Monday, May 16, 2016 - 17:44

Researchers hijack 70.000 OkCupid profiles for publication on Open Science Framework

According to Vox a student from Aarhus university in Denmark, which denies any involvement in the actions, thought it was appropriate to leech 70,000 profiles from OkCupid, an online dating platform, and publish it to Open Science Framework, which is a collaboration platform to share raw data.

The somewhat good news is that OSF immediately blocked access to the data. But quite obviously that is not going to prevent damage as the lead also promoted his gig on twitter. The data is out, someone has it and it's very much likely it's staying around for exploitation ... as it usually is in such cases. The internet doesn't easily forget.

His twitter posts show a massive disrespect for pretty much everything that's relevant here. It's worth reading. And make sure you have a look at the provided screenshots from the twitter conversation on Vox. Ít clearly shows that this is not a guy who fragged up and realized it afterwards. He's boasting.

Stating that he didn't know, didn't ask - and obviously didn't care either - if OkCupid would be ok with this raises some questions about ethics at Aarhus university. They might not be directly involved in this heist but they certainly are the ones who forgot to educate this guy. What the hell do they teach their students? One would assume that basic ethical behavior and rudimentary aspects of the legal situation when obtaining or compiling data is an essential part. Kirkegaard clearly hasn't heard of neither of it before. He is quite literally the worst case scenario you can produce. I have no real clue about OkCupid but I would guesstimate that the scientific value of this data is highly questionable. It's a free service and as such likely hords tons of fake profiles with fake data. 

The best part is where Kirkegaard explains why usernames were not anonymized. Of course to fill in missing data like profile images and profile text. They did not scrape the pictures because of disk space. What a lucky day for OkCupid's users that he's not just short on ethics but also short on money.

Not only is this data obtained without consent of owner and subjects and published without proper anonymization. It's actually a database owned by OkCupid and even though it's sort of public that doesn't mean you can use it for anything else than match making on OkCupid ... or whatever users are doing there. It's their intellectual property.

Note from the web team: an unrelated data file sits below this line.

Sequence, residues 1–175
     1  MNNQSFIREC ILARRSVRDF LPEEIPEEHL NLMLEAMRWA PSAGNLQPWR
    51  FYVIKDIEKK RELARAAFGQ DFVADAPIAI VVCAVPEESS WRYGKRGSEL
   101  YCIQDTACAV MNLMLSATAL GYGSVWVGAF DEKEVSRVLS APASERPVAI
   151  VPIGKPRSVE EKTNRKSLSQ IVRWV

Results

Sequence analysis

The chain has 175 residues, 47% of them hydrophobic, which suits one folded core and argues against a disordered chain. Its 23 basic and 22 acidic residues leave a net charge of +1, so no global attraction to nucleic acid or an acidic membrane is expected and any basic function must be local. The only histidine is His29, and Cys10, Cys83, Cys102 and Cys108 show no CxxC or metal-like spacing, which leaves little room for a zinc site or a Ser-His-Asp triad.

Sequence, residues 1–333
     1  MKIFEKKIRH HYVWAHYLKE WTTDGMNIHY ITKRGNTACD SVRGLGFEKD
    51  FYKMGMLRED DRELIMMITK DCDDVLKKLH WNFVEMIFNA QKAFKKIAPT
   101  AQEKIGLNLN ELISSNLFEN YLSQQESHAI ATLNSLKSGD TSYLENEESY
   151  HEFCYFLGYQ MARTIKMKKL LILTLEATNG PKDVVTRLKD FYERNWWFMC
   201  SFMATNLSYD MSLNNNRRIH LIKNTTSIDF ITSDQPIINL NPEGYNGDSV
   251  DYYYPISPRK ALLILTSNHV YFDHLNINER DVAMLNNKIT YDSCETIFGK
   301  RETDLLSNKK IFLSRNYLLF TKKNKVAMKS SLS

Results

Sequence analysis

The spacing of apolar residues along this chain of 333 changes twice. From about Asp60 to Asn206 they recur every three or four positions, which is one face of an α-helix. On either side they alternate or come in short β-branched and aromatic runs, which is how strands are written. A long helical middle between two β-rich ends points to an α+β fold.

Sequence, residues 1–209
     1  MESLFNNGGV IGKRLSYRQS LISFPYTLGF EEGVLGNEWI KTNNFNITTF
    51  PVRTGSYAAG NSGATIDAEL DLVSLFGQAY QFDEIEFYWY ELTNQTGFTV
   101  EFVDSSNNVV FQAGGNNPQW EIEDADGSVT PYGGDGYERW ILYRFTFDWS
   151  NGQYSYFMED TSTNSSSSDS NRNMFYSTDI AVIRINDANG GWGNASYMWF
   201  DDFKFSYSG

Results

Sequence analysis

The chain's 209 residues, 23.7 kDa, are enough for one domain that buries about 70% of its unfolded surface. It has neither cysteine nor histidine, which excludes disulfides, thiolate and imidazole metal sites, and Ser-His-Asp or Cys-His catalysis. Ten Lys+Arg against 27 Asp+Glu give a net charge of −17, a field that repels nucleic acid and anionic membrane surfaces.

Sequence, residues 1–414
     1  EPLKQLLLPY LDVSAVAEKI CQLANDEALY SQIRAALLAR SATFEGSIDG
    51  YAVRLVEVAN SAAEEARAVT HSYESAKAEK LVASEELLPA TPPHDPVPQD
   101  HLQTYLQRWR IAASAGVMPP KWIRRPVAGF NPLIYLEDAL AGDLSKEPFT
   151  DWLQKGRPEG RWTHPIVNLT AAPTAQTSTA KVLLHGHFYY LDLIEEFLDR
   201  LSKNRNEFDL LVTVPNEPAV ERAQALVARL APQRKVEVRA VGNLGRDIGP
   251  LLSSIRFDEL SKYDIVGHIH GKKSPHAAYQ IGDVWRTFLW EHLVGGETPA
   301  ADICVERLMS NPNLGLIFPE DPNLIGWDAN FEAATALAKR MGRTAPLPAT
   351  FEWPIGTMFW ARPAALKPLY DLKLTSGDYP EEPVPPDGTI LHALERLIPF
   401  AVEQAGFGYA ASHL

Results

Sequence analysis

It's pretty much like scraping semi-publicly accessible pictures from a website and publish them under CC license on some public image database. The fact that you can access something doesn't mean you own it. And if you do not have ownership or consent it's pretty obvious that you cannot republish.

Kirkegaard clearly has not the faintest idea about legal aspects. Let alone ethical aspects that should really be quite obvious in this case. And apparently he also has no clue about the legal situation he's currently in. Even in the US this would be off limits. With Europe's much stronger privacy laws this is a fuckup that's going to hurt. And apparently Aarhus university knows this perfectly well with their swift response that essentially says: Pretty please stay the fuck away from us. OkCupid will go after him with all they have. They don't even have a choice here. If they get anywhere even near we're ok with this they can close their business.

I think it's pretty safe to say that smiley-face Kirkegaard will rather soon need a lawyer. And I don't think he'll be as happy about the gig when that lawyer explains the more or less inevitable outcome of legal actions by OkCupid.

The only difference between this and any other case in my field is that he didn't technically break into OkCupid's systems. That is a difference. But everything else is just the same old story. I doubt he's getting away with a warning shot. Certainly not after publicly boasting on twitter that he exactly knew what he was doing.

I'm going to close this farce with a general advice for users of social services. Actually of any kind you might be uncomfortable with if data is leaked. You cannot really prevent cross linking profiles if enough data is accessible. But you can mitigate the possible damage quite a bit by making it a lot harder.

Unless they go full commando and your physical address is also spilled the most risky data is actually your photo. Your name - unless it's really freaky - is just one among many. A search for my name yields 14, 000, 000 results on Google. Without anything else that's useful it's at least cumbersome to figure out which one is me. Same's true for usernames. Pick one that's a tad arbitrary and never use the same twice. Emails are distinct. So you might want to use a dedicated address for that service you don't use anywhere else. The big problem is anything that requires photos. Which I assume is somewhat necessary on a dating platform. If you use such services make sure you significantly reduce your footprint everywhere else. And certainly never use the same photo twice. If your profile photo on OkCupid is the same you use on Xing or facebook I will be able to find you there.

There's a recent issue with a tool that links anonymous faces in pornographic productions with their profiles on VK. Now it's a bit naive to assume you're possibly anonymous when doing internet porn. But I'm fairly certain they didn't think about this particular problem when they uploaded a profile photo to VK.

Google's image search is already pretty good and it's not dedicated facial recognition. It's a tad more generic. With the proper tool and dedicated targets (VK, facebook, twitter, etc) the rates can go way up even with similar photos. So be careful with profile photos. If you absolutely need one with service A you might want to opt out otherwise.

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